TIFF 2013: Sylvain Chomet’s ‘Attila Marcel’ a delight from beginning to end


Attila Marcel
Written and directed by Sylvain Chomet
France, 2013

In 2003, Sylvain Chomet suddenly popped up on arthouse radars with his first animated feature The Triplets of Belville. Critics praised the film for its inventiveness, attention to detail, soundtrack, and just sheer delightful weirdness. Chomet’s next feature was 2010’s The Illusionist (not to be mistaken for the big twist magician caper starring Edward Norton), a dialogue-free animated film about a friendship between a washed-up magician and a young girl. Though The Illusionist is far more melancholy and sometimes outright sad than Triplets, the inventiveness, attention to detail, soundtrack and whimsy were still there. Chomet’s newest film Attila Marcel once again succeeds because it brings those same elements that worked so well in his previous two features, combines the different tones of those films, and then finally applies them to a new format for Chomet: live-action filmmaking.

Attila Marcel tells the story of Paul (Guillaume Gouix), a 33-year-old piano virtuoso who has been living with his overprotective aunts (Bernadette Lafont and Hélène Vincent) since his parents were killed under mysterious circumstances when Paul was just two years old. Having not uttered a single word since that tragic incident, Paul lives a lonely life, playing the piano mostly for the amusement of his aunts and their friends. When he accidently stumbles into the apartment of a kooky woman named Madame Proust (Anne Le Ny), the two begin a journey to delve into Paul’s memories and make sense of his relationship with his deceased parents.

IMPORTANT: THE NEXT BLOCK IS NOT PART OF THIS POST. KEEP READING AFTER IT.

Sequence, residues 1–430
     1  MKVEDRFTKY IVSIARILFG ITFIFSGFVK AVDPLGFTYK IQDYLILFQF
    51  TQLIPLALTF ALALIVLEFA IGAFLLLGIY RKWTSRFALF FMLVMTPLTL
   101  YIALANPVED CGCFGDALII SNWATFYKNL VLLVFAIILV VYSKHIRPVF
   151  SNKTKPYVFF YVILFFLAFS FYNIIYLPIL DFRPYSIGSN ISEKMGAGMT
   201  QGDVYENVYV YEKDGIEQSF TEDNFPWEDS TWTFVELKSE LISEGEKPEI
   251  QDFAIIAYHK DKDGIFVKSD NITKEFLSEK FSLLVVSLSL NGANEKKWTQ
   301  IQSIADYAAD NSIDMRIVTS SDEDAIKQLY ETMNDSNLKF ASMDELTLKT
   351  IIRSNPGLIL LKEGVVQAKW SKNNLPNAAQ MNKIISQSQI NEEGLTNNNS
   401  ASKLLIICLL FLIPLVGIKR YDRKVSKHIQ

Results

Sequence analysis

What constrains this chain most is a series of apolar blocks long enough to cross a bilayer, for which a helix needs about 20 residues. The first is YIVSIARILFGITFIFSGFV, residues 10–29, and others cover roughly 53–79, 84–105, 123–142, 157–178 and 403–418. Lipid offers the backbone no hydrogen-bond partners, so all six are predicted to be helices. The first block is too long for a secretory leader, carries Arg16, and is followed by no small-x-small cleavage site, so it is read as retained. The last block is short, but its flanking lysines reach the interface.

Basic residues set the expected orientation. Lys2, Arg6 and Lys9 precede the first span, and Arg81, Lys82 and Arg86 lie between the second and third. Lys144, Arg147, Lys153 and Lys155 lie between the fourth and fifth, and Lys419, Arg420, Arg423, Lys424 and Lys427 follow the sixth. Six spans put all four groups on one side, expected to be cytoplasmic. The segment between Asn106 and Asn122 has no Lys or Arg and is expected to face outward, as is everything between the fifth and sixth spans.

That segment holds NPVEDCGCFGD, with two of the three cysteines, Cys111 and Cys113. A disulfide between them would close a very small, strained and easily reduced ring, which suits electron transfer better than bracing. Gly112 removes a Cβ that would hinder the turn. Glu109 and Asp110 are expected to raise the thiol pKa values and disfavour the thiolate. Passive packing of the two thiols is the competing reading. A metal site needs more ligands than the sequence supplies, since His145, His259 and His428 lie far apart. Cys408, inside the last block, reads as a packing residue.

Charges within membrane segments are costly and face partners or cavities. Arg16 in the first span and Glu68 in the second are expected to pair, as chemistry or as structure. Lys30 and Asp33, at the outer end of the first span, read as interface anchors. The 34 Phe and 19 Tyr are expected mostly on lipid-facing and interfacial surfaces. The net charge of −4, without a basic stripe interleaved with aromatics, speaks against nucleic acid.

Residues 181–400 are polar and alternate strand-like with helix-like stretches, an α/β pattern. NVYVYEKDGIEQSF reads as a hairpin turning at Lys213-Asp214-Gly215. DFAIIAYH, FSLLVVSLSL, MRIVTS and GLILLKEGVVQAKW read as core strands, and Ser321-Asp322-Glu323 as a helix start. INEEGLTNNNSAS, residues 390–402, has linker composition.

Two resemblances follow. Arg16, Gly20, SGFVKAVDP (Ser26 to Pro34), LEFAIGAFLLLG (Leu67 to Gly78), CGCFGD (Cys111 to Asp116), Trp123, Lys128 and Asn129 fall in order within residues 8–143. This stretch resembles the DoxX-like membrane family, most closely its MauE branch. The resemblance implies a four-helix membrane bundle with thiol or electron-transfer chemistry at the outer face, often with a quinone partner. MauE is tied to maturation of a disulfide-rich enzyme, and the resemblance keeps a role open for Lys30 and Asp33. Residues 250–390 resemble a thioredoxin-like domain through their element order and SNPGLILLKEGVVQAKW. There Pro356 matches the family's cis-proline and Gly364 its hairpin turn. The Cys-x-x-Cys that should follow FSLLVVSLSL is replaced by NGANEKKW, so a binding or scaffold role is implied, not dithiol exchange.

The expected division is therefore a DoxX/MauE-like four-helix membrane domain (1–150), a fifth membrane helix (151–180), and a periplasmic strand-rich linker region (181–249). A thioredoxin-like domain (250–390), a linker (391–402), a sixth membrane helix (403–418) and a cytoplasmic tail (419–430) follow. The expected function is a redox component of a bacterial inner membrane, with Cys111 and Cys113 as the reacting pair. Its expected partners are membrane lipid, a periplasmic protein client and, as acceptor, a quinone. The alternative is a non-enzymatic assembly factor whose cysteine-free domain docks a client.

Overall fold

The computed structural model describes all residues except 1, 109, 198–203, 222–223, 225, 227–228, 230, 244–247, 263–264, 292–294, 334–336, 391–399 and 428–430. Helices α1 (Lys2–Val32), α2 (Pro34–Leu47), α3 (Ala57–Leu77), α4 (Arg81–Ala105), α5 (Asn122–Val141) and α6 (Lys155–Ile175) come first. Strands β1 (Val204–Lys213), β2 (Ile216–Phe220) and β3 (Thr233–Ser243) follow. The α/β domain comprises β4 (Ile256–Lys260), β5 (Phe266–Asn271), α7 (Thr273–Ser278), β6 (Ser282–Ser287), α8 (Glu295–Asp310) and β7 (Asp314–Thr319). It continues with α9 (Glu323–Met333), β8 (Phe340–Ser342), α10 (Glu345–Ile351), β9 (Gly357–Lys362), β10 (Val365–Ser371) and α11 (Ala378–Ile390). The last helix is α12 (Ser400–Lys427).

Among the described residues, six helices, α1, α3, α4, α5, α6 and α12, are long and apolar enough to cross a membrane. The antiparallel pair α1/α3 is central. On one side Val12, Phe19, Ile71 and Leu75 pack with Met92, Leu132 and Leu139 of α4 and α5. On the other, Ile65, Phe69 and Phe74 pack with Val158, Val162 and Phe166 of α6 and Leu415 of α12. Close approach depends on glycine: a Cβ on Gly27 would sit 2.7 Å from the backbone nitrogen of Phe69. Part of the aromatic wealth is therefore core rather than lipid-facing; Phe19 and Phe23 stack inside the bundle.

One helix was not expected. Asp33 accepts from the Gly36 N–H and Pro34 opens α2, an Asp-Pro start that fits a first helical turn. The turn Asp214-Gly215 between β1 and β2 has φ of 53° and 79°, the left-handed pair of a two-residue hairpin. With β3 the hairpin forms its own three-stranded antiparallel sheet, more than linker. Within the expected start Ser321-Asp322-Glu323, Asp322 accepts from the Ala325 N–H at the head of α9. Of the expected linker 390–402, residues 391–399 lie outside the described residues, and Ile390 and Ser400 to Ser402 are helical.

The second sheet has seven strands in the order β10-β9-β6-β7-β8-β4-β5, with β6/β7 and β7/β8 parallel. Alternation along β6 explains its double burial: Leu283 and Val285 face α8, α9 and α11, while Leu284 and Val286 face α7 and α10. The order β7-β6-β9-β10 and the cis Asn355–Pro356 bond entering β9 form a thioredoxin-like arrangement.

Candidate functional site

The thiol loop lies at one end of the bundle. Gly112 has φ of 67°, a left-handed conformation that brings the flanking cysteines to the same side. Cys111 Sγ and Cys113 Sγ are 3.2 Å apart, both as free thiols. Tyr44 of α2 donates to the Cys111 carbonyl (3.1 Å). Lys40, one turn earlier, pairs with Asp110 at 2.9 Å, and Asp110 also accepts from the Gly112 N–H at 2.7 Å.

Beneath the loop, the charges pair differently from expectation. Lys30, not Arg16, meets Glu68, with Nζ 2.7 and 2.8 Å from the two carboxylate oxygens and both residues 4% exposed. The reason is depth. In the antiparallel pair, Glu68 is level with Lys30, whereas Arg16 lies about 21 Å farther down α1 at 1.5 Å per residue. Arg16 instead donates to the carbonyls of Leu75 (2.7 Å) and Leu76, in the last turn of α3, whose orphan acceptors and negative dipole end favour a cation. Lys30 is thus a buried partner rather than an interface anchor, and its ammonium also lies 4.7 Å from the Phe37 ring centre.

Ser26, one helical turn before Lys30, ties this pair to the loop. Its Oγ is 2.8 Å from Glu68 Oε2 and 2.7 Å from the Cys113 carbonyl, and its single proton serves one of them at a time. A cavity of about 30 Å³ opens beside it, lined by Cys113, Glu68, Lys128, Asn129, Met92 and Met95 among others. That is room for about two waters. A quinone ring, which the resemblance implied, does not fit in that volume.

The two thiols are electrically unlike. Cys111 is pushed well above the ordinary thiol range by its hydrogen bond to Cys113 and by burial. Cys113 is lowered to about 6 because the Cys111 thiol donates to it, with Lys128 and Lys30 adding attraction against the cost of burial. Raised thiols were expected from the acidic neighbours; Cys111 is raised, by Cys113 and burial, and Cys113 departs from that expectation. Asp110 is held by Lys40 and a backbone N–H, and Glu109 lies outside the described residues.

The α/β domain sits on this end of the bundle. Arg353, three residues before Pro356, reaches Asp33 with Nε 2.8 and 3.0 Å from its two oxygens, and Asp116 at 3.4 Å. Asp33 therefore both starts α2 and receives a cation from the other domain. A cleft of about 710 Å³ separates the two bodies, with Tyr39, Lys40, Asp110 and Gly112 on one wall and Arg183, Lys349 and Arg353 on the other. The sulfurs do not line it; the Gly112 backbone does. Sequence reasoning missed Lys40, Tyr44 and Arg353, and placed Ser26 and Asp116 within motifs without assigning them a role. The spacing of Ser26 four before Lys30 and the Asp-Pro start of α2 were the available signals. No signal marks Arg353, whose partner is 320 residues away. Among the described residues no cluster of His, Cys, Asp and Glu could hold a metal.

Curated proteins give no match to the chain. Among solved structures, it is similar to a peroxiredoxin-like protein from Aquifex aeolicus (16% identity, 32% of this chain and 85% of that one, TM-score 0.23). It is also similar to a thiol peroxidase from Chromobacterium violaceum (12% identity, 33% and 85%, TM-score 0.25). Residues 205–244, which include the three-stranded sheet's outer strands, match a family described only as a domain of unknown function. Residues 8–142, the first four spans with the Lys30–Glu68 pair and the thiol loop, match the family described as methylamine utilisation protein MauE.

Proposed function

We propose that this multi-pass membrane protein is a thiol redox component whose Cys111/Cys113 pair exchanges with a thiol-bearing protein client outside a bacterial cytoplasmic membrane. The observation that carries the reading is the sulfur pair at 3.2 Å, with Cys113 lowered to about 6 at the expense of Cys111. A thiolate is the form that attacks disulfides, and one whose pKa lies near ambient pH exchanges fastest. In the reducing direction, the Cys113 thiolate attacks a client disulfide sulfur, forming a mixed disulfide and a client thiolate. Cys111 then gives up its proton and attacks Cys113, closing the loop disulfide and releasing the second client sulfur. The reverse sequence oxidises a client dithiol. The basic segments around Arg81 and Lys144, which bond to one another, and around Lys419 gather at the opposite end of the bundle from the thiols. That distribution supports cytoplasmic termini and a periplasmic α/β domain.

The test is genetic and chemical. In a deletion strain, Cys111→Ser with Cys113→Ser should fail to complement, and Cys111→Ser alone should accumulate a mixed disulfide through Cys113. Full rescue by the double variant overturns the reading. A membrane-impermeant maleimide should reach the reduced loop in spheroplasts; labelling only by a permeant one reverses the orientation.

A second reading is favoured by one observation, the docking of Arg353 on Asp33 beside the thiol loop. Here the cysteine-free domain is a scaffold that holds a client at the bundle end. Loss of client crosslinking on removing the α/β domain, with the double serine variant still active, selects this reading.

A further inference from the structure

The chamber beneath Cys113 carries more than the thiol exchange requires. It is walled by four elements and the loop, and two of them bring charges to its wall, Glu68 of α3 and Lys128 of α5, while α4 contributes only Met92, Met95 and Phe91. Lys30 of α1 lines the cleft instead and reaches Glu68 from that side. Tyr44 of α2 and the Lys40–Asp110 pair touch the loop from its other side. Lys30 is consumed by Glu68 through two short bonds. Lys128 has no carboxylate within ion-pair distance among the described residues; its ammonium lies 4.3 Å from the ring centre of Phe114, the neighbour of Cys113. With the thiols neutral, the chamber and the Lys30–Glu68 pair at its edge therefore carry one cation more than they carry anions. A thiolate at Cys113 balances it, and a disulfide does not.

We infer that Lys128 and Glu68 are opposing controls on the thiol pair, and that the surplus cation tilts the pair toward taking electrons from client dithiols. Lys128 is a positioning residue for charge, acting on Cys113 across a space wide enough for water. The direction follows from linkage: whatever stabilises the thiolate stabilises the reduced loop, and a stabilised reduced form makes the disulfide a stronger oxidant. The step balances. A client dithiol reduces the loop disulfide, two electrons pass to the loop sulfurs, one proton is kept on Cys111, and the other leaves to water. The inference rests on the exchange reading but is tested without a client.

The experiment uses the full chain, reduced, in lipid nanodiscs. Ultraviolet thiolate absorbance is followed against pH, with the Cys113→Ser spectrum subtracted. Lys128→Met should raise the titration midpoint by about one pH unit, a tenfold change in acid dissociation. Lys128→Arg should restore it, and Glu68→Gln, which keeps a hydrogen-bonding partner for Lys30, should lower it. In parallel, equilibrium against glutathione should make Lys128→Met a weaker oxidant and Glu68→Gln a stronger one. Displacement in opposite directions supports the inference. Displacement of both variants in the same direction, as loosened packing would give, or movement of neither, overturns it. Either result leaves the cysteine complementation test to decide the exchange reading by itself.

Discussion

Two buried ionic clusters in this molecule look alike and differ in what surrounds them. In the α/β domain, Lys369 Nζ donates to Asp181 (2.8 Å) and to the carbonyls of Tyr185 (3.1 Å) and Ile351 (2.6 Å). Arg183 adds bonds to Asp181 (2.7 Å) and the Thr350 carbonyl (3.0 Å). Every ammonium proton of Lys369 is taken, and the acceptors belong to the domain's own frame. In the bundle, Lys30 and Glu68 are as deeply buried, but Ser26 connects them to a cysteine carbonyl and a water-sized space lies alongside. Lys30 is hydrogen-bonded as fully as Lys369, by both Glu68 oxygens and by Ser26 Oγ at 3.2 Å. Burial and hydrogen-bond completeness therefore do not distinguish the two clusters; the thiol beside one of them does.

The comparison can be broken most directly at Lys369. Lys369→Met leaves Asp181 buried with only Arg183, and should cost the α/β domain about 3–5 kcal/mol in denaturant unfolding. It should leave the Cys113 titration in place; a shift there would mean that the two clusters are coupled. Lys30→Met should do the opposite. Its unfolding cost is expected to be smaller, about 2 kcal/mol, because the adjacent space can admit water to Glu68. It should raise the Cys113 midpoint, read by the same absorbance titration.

Having lost none of the charm and whimsy of his previous films, Chomet’s first live-action feature is another delightful effort from the beloved French director. Though Paul does not speak, this film is far more dialogue-heavy than the first two, and Chomet proves he has a keen sense for surreal comic dialogue. Chomet’s casting department have also done a wonderful job, as each of the film’s principle players (and indeed its supporting characters as well, no matter how small) fully commit to both the film’s comedic and its more heartbreaking moments. Gouix especially shines in a role that requires him to rely entirely on body language and facial expressions.

A delight from beginning to end, Attila Marcel proves that Chomet is not just adept at animated films and is surely once again going to establish him as one of France’s most prized directors working today.

– Laura Holtebrinck

The Toronto International Film Festival runs from September 5th to 15th, 2013. For a complete schedule of films, screening times, and ticket information, please visit the official site.

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